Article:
Over the years I’ve learned a few contract drafting tips that others might find useful. These are “high-level” concepts, not necessarily specific “how-tos”, but rather a few tips that I’ve found helpful when working on contracts.
1. Start with the Problem Not the Precedent: Don’t Let The Tail Wag The Dog.
Having a huge library of work precedent can be a great thing at drafting time. It can be a terrific convenience and an incredibly useful tool for the lawyer, and a big advantage to the client in several ways.
That said, a wise corporate mentor once taught me to always start the drafting process with two things: a big set of ears and a blank piece of paper (today, a blank screen). That is to say: don’t start with the work precedent and work “custom” details back into it. Instead, start with the client’s specific needs first, take the time to listen carefully and completely understand the business rationale and the client’s goals underlying the document at issue, and then figure out how your existing work precedent may facilitate accomplishment of those goals.
The distinction is subtle, but important. By starting each drafting project with a focus squarely on the fundamental business goals at play, those business goals will always remain central. The key business terms never get overlooked or (unintentionally) prioritized on an equal level with all the other “standard” terms that can apply to a similar transaction.
Spending the majority of my career on the “client” side of the attorney/client relationship, I can confidently say that there are few things more professionally annoying than getting a draft document from counsel that doesn’t get the basic business terms right. The 3-page single-spaced indemnity clause is perfect in every (marginally) relevant way – completely bulletproof! – yet the payment terms are wrong, or the key reps are missing, or a critical unique post-closing covenant has been omitted.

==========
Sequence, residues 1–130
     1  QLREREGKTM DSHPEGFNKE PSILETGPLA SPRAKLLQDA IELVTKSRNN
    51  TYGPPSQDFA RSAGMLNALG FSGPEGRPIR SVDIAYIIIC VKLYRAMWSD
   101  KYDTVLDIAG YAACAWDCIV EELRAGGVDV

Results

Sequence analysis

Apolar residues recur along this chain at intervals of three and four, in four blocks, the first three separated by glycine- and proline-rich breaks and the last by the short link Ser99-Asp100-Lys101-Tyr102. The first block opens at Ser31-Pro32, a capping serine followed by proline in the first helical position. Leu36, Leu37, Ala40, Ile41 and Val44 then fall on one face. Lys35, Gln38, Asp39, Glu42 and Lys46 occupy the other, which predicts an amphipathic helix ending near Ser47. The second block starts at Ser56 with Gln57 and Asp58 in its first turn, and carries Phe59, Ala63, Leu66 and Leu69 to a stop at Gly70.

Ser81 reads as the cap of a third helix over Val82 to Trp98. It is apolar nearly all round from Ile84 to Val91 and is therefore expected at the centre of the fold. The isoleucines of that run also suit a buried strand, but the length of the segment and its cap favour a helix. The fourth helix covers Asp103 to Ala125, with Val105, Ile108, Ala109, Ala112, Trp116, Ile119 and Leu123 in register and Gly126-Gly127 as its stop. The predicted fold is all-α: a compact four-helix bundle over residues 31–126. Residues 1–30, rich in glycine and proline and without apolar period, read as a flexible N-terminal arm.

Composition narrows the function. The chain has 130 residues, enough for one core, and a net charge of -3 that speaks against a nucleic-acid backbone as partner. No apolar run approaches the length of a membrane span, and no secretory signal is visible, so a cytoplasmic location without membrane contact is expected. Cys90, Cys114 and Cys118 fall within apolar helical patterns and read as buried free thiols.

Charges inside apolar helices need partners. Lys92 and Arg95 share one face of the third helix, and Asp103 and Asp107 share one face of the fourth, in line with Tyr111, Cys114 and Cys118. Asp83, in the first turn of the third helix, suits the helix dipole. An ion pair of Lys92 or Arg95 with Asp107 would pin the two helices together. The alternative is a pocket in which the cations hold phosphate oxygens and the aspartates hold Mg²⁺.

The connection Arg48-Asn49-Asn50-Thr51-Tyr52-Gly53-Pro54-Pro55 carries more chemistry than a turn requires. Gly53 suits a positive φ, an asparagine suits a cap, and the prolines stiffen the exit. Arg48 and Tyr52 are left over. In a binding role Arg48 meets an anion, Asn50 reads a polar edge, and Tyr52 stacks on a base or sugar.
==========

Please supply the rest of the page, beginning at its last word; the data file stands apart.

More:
2. Use “First Drafts” As Precedent, Not Final Signed Documents.
This is a trick first taught to me by Professor George Zimmerman, a legendary business attorney in WNY whose “Counseling Small Business” seminar was absolute gold for every aspiring business lawyer at SUNY-Buffalo Law School.
Why look to first drafts? Because final versions tend to reflect all sorts of custom, deal-specific “11th hour” concessions that are made at or immediately prior to signing. In addition, execution copies tend to omit provisions that got dropped during negotiations, or they contain dramatically edited versions of provisions that started off far more comprehensive or generalized. In sum, the earliest version of a contract will provide you with the most complete unbiased guidance upon which to craft your current deal.
3. Don’t Get Boxed In. Ask Yourself: What’s Missing?
When you’re the recipient of someone else’s first draft, it’s easy to immediately knee-jerk and start picking away at the language presented. The trouble with that? By doing so, it’s as though you’ve already confirmed that everything that needs to be covered has been covered, and we’re just negotiating over language. Don’t automatically assume that what has been provided is a complete document.
Instead, before you start editing, start clean and ask: what must be in this document? First, make sure the key points that need to be there are there, whether those points have been drafted to your satisfaction or not – then start editing. These “errors of omission” are easy to make, and unfortunately can have big adverse consequences.
Don’t get “boxed in” by what’s currently on the page.
The final 2 tips to come…in the meantime, what are some of the best contract drafting go-tos that you’ve picked-up over the years?